Looks like the fight is over folks......

Friday, June 19, 2009

GM Restructuring Meets Opposition

"A group of General Motors Corp. bondholders moved to block the auto maker's bankruptcy restructuring on Friday, saying the plan discriminates against them in favor of other creditors.The group, which aims to represent small individual GM bondholders, said the auto maker's proposed overhaul, orchestrated by the U.S. government, gives a disproportionate recovery to the United Auto Workers union at their expense." See the WSJ article at:


NEW YORK (AP) — A group of General Motors Corp. bondholders and some of the automaker's labor unions filed objections Friday to GM's plan to sell its assets to a new company that can emerge from bankruptcy protection.
Their opposition, along with additional objections filed by consumer groups, a handful of states and cities, and individual retirees, shareholders and bondholders, threatens to put the brakes on what has so far been a speedy trip through the Chapter 11 process.

The Unofficial Committee of Family & Dissident GM Bondholders claim they are being treated unfairly compared with the automaker's other stakeholders and deserve more than the 10 percent stake in the new company that they would receive if the sale goes through.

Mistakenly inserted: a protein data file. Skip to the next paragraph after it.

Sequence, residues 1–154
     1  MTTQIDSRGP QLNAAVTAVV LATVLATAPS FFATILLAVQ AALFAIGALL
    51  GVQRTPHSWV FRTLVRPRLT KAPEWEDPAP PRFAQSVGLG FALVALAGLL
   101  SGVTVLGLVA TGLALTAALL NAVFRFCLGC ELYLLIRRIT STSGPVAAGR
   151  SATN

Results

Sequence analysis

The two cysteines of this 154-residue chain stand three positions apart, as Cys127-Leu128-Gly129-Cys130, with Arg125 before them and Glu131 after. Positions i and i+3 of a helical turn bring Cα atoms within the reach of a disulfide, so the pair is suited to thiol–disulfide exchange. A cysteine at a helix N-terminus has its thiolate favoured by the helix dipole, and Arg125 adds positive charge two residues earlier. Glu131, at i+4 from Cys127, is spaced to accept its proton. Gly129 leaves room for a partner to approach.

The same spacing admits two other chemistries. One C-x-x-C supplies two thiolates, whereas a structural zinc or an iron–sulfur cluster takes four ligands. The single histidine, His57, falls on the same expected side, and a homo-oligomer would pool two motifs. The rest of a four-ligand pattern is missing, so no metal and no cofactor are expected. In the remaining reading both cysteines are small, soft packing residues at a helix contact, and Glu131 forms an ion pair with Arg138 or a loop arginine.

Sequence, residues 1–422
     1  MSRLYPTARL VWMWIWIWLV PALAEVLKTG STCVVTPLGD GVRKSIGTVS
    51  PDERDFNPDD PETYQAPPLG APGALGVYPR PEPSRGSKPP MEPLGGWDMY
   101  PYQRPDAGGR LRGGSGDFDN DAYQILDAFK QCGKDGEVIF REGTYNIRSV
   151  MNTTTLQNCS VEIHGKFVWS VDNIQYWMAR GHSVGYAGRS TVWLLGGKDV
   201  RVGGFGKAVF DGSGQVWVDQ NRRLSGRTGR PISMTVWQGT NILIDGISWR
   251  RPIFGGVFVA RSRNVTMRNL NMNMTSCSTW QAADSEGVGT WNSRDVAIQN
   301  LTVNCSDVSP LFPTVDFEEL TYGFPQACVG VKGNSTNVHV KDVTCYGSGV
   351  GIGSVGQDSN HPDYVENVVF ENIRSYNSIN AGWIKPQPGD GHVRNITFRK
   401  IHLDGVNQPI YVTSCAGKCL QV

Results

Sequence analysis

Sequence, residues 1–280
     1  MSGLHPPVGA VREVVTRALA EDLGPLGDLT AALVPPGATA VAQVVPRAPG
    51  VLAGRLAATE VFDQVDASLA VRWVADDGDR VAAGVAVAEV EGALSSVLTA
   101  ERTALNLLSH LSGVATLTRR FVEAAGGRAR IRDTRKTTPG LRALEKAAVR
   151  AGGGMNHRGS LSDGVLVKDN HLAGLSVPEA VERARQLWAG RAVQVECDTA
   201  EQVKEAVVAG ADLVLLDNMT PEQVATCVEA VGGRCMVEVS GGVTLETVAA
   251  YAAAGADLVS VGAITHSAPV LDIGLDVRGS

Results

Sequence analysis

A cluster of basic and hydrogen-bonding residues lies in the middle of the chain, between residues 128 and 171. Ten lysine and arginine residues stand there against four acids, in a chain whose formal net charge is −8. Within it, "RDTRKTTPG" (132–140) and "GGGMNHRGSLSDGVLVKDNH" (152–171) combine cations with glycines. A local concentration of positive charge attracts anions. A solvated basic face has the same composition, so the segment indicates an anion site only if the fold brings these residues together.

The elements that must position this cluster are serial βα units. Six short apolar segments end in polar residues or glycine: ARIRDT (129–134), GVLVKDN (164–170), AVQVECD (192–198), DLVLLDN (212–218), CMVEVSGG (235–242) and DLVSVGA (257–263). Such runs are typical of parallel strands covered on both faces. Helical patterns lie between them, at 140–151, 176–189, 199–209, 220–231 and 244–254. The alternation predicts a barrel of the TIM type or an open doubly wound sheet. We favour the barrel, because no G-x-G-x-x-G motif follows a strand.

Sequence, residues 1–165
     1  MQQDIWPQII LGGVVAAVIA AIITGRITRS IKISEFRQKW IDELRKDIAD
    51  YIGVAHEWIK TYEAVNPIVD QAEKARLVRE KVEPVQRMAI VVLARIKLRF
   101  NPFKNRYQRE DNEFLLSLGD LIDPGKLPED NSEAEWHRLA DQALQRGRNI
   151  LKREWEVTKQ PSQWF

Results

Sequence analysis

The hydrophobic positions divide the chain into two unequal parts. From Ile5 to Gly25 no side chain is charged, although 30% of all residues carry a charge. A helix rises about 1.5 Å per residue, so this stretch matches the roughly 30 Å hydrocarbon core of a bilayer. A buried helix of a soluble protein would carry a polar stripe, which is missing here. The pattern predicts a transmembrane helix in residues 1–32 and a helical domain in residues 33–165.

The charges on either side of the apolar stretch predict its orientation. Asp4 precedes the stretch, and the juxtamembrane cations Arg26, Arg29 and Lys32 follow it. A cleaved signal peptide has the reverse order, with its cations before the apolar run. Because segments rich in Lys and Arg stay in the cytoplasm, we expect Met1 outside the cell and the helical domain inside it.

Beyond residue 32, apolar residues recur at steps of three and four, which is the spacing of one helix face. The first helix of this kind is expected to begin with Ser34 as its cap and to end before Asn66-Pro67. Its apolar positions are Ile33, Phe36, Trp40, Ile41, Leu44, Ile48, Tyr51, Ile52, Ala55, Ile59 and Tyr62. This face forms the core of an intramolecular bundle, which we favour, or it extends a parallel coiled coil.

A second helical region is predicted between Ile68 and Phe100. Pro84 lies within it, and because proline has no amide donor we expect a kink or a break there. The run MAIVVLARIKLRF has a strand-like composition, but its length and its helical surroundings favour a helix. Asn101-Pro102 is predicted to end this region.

In its motion, the bondholders group accused GM and the U.S. government of unjustly speeding the case through the bankruptcy process at the expense of the bondholders and dividing the new company's assets "among a few select favored classes." See the entire Associated Press article at:


Small Bondholder Attorneys file objections June 19

OK, some of you folks were getting nervous that the big guns were not ready to fire. I had assumed ("speculated" J) that the major objections would be today, as the deadline is June 19, 2009 at 5:00 PM. The filing is on behalf of the "Unofficial Committee of Family and Dissident GM Bondholders". Very interesting read...here is the original filing from just moments ago.....


Interesting the next document filed, Doc. No. 1970, was filed by the U.S. Trustee objection to the motion that the "Unofficially Committee of Family and Dissident GM Bondholders" not be granted official status. GM and the government are fighting with all they have not to allow the small GM bondholders a voice. Hearing is June 23, 9:45 AM.


Mom and Pop trip up GM restruturing